Meet Mons John Usher

A man who sees with the heart

Monsignor John Usher is a retired priest who has left a remarkable legacy.


Early Life & Centacare
John Joseph Usher was born and lived his early life in Five Dock, Sydney. After an early education at Domremy College, and St Patrick’s Strathfield, he began working for the Australian Bureau of Statistics while studying commerce.

Image: Mons John Usher in his younger years

He entered the Seminary at 25 years of age, and was later ordained in 1972. As a priest, he has served the parishes of Mt Pritchard, Balgowlah, Golden Grove, Dundas Valley, Blacktown, Rozelle and Mortlake. During those years, he undertook studies in Social Work and later became the Director of then-Centacare (now CatholicCare) – a position he held for a quarter of a century.

Mons Usher, alongside his fellow Centacare contemporary, Bill Gilroy, was a stalwart for social welfare in the state. These two men were the architects of many of Centacare’s major achievements, including the introduction of employment programs for people with a disability, foster care, adoption services and those with substance abuse problems.

Richard Haddock AO KSG, the Chair of CatholicCare, remarked that Mons Usher was marked with the “qualities that make excellent leaders”.

The Australian Government shared the sentiment, and Mons Usher was formally recognised for outstanding commitment to the welfare sector & services to the community when he was presented with an Order of Australia (AO).

To further mark his marvelous achievements and outstanding character, Mons Usher also became a prestigious Prelate of Honour in 2009.


Later duties
In his Apostolic Exhortation to holiness Gaudete et Exsultate, Pope Francis writes: “Nothing can destroy the supernatural joy that adapts and changes, but always endures.”

Image: Centacare Sydney, Now CatholicCare Sydney

Adaptation and change are challenges that we all embrace from time to time – and this is especially true of the priesthood. While Mons Usher was particularly gifted with the ability to reach those on the fringes – the poor and marginalised, those with disabilities and in foster care and adoption services – this did not stop him from adopting the challenges of parish life and Archdiocesan ministry with gusto.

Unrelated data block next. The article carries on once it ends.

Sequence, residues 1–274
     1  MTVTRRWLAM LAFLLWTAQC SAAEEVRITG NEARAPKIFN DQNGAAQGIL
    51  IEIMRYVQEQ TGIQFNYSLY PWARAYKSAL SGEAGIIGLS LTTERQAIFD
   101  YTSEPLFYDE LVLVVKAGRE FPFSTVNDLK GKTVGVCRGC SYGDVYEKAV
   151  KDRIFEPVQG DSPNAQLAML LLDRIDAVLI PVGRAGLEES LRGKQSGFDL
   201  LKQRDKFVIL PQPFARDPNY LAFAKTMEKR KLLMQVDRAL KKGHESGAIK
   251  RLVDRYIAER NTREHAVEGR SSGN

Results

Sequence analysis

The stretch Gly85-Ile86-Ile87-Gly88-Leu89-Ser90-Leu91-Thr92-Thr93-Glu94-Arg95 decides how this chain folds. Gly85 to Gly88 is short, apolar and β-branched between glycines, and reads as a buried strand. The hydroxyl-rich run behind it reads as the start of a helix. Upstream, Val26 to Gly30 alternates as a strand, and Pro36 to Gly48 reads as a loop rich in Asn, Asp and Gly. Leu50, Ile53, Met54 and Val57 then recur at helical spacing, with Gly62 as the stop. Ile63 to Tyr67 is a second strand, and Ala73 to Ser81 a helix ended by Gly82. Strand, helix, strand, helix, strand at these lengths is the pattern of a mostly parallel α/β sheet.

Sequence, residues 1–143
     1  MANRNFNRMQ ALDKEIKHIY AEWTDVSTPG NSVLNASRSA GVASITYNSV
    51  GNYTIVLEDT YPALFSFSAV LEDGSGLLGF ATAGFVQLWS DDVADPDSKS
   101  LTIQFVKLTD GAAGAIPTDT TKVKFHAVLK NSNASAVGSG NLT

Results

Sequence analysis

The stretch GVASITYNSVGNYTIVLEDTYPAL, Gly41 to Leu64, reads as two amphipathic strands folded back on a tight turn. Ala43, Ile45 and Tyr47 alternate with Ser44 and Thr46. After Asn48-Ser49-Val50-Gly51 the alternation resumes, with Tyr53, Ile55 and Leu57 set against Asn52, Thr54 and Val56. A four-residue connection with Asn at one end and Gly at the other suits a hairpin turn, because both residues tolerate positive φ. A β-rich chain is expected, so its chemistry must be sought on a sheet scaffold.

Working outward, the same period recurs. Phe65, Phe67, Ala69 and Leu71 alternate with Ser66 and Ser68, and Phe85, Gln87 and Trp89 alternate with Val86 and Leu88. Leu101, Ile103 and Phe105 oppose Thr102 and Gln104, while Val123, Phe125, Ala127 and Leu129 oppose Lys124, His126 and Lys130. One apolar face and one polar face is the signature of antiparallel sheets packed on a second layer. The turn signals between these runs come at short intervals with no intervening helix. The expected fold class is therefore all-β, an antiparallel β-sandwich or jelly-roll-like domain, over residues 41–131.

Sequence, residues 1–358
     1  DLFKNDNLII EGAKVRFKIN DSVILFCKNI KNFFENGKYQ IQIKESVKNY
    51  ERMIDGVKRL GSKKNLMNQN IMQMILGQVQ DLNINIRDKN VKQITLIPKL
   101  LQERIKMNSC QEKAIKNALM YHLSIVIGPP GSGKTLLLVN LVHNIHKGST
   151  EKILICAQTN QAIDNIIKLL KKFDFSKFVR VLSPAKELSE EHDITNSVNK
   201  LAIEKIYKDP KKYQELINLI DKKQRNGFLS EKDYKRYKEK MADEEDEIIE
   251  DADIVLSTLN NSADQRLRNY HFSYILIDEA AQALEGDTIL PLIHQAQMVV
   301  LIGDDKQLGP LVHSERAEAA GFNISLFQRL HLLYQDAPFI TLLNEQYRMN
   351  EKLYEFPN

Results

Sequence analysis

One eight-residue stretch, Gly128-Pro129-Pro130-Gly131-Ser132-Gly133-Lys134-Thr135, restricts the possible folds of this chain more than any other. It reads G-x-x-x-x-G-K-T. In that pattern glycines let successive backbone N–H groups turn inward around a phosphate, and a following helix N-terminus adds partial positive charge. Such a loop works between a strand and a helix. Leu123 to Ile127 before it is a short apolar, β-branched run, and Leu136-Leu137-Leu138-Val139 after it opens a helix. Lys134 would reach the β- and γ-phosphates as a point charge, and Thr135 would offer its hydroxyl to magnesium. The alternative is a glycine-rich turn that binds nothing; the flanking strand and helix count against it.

Upon retirement from Centacare (CatholicCare), Mons Usher became both parish priest of St Patrick’s, Mortlake, and the Chancellor of the Archdiocese of Sydney – two positions with enormous responsibility.

Image: Mons John at Mass.

As parish priest, Mons Usher lived the daily sacramental reality of his faith. It was in this role that he was “overjoyed” to witness the hundreds of marriages, to baptise countless infants, to welcome newcomers to the church, and to stand with so many families in times of joy, worry, sadness and loss.

Mons Usher’s spiritual joy adapted and changed to suit whichever tasks were required of him; whether that be overseeing projects in social work on a national scale, or guiding a parishioner along with gentility and meekness.

Mons Usher bid his active priestly duties farewell upon his retirement from St Patrick’s in 2019. He was “humbled and overwhelmed” by the kindness of all his parishioners upon his announcement of his retirement. In his farewell letter, he expressed gratitude at the “hundreds, if not thousands” who made his role a “supernatural joy”.

“You are, what we call in Oz, a good bloke”, spoke one former parishioner. “How many clergy, religious and lay people have you assisted, because you have seen with the Heart? I know, because I am just one of them”.

Retired priests do not stop their ministries altogether, but rather move on to “lesser duties”, meaning they assist in various parishes when requested to do so.

Image: Mons John with students at St Patrick’s Catholic Primary School, Mortlake.


Suffice it to say, Monsignor Usher has left an indelible mark on the countless lives he has touched over the years. We wish him well as he continues his “lesser duties” amid retirement.

Your generosity continues to provide our retired priests with the personal care they need – including accommodation, car expenses, health care visits, insurance, medicines and other living expenses.

Thanks to you, Monsignor John can more effectively continue his ministry, even in retirement.

Your donation of $50 will in turn become $150 with the Archdiocese of Sydney committing to give $2 for every $1 donated – tripling your gift. Please donate today.

We have journeyed through another difficult and isolating year due to COVID. Please continue to pray for the well being of our retired priests, our Catholic community, and our neighbours around the world.

Thank you in advance for your support.


To support our retired priests of the Archdiocese, please give today!


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